Marty St. Louis will cross back over the smoldering, charbroiled bridge he left behind in Tampa Bay to visit the Lightning for the first time as a Ranger on Wednesday night.
It’ll be an awkward moment for Bolts fans. Not the whole “franchise’s greatest player returns in opposing jersey” thing; no, it’ll just be strange to see his front again, after he turned his back on them in February.
This is not a happy homecoming. This is not a welcomed returned. The bygones are not bygones. This is the first chance for Lightning fans to let this alleged leader know the consequences for the captain jumping ship, with a court-matial of jeers.
This is the opportunity to inform St. Louis that 972 games and 953 points and 13 seasons of blood and sweat and dedication can be packed up in a mothballed box until the pain subsides from his selfish decision to abandon the franchise.
“I'd like for people to remember the great years,” he said on Tuesday.
They will. Eventually. Just not now. (Unless the video tribute they run during the game makes them all weepy and nostalgic for a moment.)
"We had 14 years together. I hope they can respect my decision. I think I've earned that.”
In theory, he should be able to go out the way he wanted. He should have been able to play the family card, manufacture a trade to the New York Rangers and get a proverbial gold watch from the fans for his tenure.
In St. Louis’ mind, that’s probably how it played out. The ugly, petulant spurning of the fans because of his Sochi Olympic snub was merely the catalyst rather than the crux.
If he believes that, he’s likely only member of that congregation. The rest of the Lightning community had to watch as this symbol of perseverance and dedication succumbed to pettiness because he wasn’t picked for a team. A team that he had already played for. A team he was eventually added to and won a gold medal with in Sochi. A team that was put together by a committee rather than with Steve Yzerman and a dart board; a braintrust that didn't want St. Louis on the roster, and Yzerman respected their wishes, knowing what that meant to relationship with St. Louis.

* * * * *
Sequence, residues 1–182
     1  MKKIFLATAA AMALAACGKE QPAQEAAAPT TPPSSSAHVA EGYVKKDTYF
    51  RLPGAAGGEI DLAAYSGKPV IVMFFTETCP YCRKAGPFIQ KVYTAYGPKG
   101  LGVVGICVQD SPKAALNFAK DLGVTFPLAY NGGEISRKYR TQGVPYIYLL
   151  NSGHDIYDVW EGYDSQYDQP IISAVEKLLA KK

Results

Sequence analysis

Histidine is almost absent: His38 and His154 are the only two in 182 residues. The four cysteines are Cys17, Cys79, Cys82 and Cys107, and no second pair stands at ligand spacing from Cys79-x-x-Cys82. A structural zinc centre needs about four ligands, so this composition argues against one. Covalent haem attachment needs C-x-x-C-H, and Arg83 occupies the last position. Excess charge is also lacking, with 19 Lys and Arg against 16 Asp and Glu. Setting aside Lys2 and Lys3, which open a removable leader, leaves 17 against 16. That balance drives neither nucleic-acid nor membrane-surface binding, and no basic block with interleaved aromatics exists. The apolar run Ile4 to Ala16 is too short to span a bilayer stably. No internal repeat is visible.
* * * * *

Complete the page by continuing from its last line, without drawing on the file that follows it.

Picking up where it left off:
This man, who once missed only two games in an eight-year span, was suddenly on the IR with a bruised ego.
So there is no “respecting” the decision, because the decision deserves no respect. The Lightning are clearly building something of a championship quality, with a great coach and what appears to be a franchise goalie. St. Louis carried them last season until Steven Stamkos returned, and just as it appeared this team was poise to kick it into another gear, the captain left the locker room.
They’ll boo. They’ll doctor up their MSL jerseys with duct tape and bile. They’ll do it because this was personal, in a way the national media telling them they aren’t real fans if they don’t kiss his ring won’t understand.
They’ll do it tonight. And then they’ll find some measure of closure.
"People are entitled to their opinion, and I respect that, and I know a lot will heal over time,” said St. Louis.
Tonight is about catharsis. After tonight, the legacy can start to be unpacked from mothballs.
Take out the Hart from 2004. Take out the two Art Rosses, the three Lady Byngs, the six all-star game jerseys and the countless other accolades he received while wearing the Bolt. Take out those memories of perfect passes from Brad Richards and to Vinny Lecavalier and Steven Stamkos. Take out that footage of this 5-foot-8, undrafted human pinball getting knocked around the ice and always getting up to inflict his own punishment on the opposition, blinding them with a glowing goal light.
There will be a day when it feels right to celebrate that he meant everything to this franchise. In a roundabout way, the negative reaction he receives tonight only validates that.